The original study cohort consisted of 474 consecutive VLBW infants born between February 22, 1978, and November 8, 1985, in one of several maternity hospitals that serve the geographic area of the province of Uusimaa, Finland. Of these, 335 (70.7%) were discharged alive from the neonatal intensive care unit of the Children's Hospital at the Helsinki University Central Hospital, the only tertiary neonatal care center in the province of Uusimaa. Of those discharged alive and those who died, 238 (71.7%) and 94 (28.3%), respectively, were born AGA (birth weight ≥−2 SDs according to Finnish birth weight charts),16 and 97 (68.3%) and 45 (31.7%), respectively, were born SGA (birth weight <−2
SDs according to Finnish birth weight charts). The neonatal mortality rates of infants born AGA and SGA were not statistically significantly different (χ21 = 0.55, P = .49).
We selected control subjects from the records of all consecutive births of the hospitals. For each VLBW survivor, we included the next available singleton infant who was of the same sex, born at term (gestational age, ≥37 weeks), and not SGA as a control subject. We then traced these individuals in the Population Register Center as young adults.
Mortality rates from hospital discharge to June 20, 2004, were 1.8%
for young adults with VLBW and 1.0% for term controls; we were able to trace 95.1% and 96.8%, respectively, of the survivors. We invited 255 young adults with VLBW and 314 controls who were living in the greater Helsinki area, and 166 (65.1% [43.3% men]) young adults with VLBW and 172 (54.8% [40.6% men]) controls agreed to participate in the study as previously described.17 Of 166 VLBW participants, 162 had valid data on the main outcome measures; 2 participants did not fill out the depressive symptom scales embedded in a psychological survey, and 2 additional participants had attended special education for the developmentally delayed during school age and were excluded.
As previously described by Hovi et al,17 participants in this study and nonparticipants were similar in birth weight, standardized birth weight, gestational age, maternal preeclampsia, days of mechanical ventilation, days of oxygen, and discharge age, except that the rate of cerebral palsy at 15 months of age was lower among the VLBW participants (10 subjects [6.0%]) than among the VLBW nonparticipants (17 subjects [19.1%])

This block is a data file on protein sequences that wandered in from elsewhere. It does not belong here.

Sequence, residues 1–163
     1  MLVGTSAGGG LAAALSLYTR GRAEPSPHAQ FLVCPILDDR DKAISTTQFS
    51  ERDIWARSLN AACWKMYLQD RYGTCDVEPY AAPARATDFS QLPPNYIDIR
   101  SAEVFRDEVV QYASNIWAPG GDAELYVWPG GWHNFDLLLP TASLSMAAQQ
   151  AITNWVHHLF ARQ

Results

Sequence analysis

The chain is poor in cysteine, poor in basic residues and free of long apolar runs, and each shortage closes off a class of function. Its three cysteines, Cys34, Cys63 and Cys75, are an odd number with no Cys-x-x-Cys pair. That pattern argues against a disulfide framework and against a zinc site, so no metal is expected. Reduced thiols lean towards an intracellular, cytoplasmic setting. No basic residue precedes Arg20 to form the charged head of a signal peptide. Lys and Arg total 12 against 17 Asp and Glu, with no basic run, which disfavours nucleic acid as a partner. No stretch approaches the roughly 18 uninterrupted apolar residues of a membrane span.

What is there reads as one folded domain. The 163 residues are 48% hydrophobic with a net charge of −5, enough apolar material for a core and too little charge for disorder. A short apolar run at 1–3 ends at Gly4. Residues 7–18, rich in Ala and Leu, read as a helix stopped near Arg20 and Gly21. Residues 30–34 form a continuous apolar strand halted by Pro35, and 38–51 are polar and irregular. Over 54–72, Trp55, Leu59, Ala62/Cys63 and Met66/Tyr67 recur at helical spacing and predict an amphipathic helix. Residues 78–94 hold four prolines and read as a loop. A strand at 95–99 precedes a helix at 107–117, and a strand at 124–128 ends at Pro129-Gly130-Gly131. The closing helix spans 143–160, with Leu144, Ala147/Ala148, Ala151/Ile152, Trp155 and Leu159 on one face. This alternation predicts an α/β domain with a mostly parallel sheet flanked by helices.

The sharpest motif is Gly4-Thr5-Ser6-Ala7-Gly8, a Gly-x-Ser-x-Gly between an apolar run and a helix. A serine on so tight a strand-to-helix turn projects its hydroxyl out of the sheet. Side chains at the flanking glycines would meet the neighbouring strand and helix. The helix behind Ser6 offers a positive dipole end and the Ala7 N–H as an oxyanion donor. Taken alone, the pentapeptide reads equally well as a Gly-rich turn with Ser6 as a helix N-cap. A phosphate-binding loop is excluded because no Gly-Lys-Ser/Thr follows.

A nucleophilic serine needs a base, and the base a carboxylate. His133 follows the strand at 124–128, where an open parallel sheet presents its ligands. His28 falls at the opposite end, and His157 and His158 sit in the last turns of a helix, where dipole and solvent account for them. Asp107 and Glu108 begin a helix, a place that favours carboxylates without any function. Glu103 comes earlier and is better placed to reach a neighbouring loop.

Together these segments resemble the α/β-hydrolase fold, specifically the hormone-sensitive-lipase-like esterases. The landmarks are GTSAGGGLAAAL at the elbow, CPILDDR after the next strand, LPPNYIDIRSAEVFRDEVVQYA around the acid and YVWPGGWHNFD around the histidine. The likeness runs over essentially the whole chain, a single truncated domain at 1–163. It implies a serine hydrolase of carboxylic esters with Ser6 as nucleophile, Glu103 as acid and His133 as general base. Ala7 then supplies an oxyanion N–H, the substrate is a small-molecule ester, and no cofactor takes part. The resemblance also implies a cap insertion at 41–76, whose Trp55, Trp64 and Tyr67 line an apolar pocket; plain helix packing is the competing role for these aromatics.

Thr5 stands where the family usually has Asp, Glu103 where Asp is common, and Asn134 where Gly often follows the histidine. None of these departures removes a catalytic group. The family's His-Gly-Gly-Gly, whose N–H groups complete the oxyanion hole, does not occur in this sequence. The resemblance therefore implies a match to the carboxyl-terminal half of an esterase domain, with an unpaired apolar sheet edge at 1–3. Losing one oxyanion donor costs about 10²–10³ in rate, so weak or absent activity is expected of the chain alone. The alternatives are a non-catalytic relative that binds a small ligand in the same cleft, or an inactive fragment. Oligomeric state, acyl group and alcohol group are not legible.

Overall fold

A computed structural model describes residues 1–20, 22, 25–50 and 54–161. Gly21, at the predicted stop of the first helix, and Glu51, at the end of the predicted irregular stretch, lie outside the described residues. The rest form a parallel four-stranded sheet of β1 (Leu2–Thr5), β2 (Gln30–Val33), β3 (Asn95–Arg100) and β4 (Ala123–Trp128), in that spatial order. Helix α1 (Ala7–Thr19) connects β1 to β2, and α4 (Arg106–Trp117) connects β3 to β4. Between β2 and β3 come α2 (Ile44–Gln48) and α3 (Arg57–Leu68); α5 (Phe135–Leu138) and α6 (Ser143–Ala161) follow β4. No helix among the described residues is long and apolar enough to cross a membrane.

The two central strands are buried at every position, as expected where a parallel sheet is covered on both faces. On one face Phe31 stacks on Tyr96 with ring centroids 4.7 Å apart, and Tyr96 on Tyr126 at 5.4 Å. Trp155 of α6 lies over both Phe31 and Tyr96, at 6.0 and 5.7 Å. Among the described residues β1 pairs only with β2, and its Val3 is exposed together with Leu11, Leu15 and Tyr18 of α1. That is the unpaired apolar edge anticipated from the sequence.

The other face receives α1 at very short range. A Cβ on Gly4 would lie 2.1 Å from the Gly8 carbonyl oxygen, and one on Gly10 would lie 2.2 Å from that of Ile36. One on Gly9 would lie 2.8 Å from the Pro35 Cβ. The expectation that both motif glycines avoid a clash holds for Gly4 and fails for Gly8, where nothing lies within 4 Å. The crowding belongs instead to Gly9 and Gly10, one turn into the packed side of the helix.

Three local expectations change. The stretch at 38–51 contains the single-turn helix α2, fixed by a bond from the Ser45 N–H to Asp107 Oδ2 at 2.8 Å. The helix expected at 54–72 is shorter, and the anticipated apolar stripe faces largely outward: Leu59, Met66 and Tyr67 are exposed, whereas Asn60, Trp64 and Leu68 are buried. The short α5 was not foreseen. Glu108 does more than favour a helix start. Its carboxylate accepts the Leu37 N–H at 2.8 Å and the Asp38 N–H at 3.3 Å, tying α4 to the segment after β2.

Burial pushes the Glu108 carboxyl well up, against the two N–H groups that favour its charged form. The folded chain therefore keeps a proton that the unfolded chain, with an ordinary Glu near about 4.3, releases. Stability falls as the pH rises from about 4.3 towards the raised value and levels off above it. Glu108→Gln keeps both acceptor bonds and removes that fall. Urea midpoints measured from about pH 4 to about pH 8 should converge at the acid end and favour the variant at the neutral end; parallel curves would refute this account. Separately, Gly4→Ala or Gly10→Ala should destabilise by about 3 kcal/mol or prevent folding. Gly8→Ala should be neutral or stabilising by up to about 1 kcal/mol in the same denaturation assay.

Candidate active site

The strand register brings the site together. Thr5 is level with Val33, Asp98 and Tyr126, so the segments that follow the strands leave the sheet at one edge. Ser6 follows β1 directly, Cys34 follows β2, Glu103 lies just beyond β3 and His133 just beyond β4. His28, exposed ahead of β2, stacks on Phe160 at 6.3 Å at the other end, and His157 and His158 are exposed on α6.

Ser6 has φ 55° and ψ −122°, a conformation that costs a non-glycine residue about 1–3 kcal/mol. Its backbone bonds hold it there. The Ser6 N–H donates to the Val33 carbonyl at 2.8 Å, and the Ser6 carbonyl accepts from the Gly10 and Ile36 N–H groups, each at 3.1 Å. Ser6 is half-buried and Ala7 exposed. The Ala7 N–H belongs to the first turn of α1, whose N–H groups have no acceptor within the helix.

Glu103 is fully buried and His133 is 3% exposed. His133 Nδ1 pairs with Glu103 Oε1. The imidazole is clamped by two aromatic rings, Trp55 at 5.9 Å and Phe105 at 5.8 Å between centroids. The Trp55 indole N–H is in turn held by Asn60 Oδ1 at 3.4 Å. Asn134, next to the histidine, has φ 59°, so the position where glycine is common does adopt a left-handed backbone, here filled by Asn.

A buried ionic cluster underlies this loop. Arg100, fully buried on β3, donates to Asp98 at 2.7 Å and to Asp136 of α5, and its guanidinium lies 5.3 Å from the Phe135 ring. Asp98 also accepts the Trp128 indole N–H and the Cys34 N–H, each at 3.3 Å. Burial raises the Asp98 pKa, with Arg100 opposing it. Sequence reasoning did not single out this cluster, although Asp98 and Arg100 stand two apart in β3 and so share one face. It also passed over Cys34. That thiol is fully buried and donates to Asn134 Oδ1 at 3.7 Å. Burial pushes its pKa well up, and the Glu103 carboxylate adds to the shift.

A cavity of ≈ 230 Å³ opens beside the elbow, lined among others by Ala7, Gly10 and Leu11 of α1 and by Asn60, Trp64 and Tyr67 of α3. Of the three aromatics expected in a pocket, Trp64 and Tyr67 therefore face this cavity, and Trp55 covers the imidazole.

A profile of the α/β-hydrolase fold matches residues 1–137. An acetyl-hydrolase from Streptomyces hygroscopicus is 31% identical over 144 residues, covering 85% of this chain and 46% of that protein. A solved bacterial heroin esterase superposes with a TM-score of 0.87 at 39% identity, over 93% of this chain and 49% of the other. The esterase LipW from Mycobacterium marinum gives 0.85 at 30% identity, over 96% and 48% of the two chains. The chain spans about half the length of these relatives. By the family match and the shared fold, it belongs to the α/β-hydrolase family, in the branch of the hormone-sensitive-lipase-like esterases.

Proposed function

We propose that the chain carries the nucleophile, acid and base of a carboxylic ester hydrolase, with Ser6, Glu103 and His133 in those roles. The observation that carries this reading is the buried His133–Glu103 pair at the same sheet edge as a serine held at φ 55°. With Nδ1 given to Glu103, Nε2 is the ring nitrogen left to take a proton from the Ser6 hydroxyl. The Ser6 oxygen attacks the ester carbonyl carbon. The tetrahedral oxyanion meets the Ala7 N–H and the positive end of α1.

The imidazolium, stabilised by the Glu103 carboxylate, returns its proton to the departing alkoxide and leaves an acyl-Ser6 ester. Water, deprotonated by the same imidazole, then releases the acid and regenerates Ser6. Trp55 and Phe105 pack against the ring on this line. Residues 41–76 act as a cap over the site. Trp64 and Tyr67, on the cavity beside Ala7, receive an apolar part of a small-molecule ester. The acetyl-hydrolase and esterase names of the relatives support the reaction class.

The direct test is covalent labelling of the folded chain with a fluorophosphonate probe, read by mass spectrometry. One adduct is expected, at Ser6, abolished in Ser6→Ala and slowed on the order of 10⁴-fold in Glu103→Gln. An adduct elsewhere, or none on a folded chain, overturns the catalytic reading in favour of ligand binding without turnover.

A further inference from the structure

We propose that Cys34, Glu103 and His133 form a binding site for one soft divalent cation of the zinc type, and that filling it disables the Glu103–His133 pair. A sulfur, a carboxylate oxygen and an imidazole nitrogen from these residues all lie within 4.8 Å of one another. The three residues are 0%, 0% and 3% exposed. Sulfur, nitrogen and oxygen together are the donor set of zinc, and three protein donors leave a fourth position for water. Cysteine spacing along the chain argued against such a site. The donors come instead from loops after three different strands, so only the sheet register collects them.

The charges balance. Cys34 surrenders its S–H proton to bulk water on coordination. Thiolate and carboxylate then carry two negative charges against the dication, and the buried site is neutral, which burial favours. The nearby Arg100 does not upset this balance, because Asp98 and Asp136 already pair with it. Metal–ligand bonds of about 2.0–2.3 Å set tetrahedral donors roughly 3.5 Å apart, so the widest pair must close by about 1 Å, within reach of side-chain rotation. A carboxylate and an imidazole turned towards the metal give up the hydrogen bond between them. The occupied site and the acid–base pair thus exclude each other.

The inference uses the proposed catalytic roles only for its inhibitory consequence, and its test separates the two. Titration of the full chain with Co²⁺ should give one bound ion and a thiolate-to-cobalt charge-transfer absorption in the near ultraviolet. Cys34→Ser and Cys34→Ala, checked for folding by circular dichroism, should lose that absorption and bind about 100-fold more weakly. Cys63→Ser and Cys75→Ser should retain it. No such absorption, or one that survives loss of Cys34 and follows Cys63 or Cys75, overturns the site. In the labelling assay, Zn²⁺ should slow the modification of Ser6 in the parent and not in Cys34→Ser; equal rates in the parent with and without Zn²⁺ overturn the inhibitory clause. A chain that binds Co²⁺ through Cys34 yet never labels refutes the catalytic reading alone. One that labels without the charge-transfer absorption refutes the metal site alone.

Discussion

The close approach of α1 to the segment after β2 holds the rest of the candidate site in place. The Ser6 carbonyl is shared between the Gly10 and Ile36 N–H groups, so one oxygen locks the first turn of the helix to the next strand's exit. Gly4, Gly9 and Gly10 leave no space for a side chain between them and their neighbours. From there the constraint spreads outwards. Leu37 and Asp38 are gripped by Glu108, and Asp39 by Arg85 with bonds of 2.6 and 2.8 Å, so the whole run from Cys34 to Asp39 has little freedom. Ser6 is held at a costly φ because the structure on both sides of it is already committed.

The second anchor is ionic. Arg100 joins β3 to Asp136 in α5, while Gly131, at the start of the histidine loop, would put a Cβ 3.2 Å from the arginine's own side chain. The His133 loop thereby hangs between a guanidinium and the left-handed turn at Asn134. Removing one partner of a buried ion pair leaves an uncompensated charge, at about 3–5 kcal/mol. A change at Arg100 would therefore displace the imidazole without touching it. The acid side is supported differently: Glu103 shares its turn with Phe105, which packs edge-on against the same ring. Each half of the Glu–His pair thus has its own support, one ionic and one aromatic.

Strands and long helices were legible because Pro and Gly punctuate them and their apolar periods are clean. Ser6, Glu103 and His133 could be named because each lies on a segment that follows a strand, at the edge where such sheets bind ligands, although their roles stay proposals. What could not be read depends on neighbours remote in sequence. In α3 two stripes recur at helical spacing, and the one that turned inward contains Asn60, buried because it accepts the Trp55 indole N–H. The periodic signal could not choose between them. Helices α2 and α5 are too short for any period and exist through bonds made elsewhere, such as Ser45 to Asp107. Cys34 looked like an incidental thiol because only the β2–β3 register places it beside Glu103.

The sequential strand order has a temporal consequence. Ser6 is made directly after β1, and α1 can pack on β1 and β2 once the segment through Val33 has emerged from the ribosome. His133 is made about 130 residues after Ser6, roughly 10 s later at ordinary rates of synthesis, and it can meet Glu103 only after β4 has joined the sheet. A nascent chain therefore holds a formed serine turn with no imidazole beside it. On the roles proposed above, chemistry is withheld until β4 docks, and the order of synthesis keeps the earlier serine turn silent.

(P =.005). The study protocol was approved by the Ethics Committee for Children and Adolescents' Diseases and Psychiatry at the Helsinki University Central Hospital, and all participants gave their written informed consent. The perinatal data were derived from maternal welfare clinic and hospital records; parental, participants'
developmental, and young adult characteristics were measured at a clinical examination.17
In conjunction with the clinical visit,17 participants' depressive symptoms were assessed using questionnaires, and they were asked whether they used antidepressant medication currently and if they had been diagnosed by a physician as having depression. The Beck Depression Inventory (BDI)18 and the Center for Epidemiologic Studies Depression Scale (CES-D)19 were used to measure the severity and frequency of depressive symptoms. In addition to considering the BDI and CES-D scores as continuous measures, we used the predefined and validated cut point scores of 10, 19, and 30 for defining those at risk of mild, moderate, and severe depression, respectively, according to the BDI,18 as well as a cut point score of 16 for defining those at risk of moderate-severe depression according to the CES-D.19 The internal reliability coefficient (Cronbach α)
was .91 for the BDI and for the CES-D.
Sixteen participants reported that they were currently taking antidepressants. Ten were taking serotonin reuptake inhibitors, 4
were taking noradrenaline-serotonin reuptake inhibitors, 1 was taking tricyclic antidepressants, and 1 was taking an unnamed antidepressant.
Thirty-four participants reported a past diagnosis of depression.
As the primary data analytic tools, we used multiple linear regression analysis (depressive symptoms as continuous measures) and logistic regression analysis (categories of depressive symptoms [with those reporting no symptoms as a reference group], current use of antidepressants, and depression diagnosis). We examined differences in the main outcome measures between (1) VLBW young adults and term controls, (2) VLBW young adults born AGA and term controls, and (3)
VLBW young adults born SGA and term controls, in addition to (4) differences within the VLBW group between those born AGA and those born SGA. Because women, older individuals, those with cognitive problems, those in lower socioeconomic groups, and those with higher body mass index (BMI) have been shown to demonstrate greater preponderance to depression,11 and because BMI gain is among the adverse effects of some antidepressants (eg, some noradrenaline-serotonin reuptake inhibitors that our study participants reported using), the group comparisons were conducted with the following covariates in the models: sex, age, parental level of education, BMI (calculated as weight in kilograms divided by height in meters squared), and attendance at a modified curriculum during school age (as a proxy of cognitive problems). The BDI and CES-D scores were logarithmically transformed to attain normality. Group differences are reported in percentages and in odds ratios with 95% confidence intervals (CIs).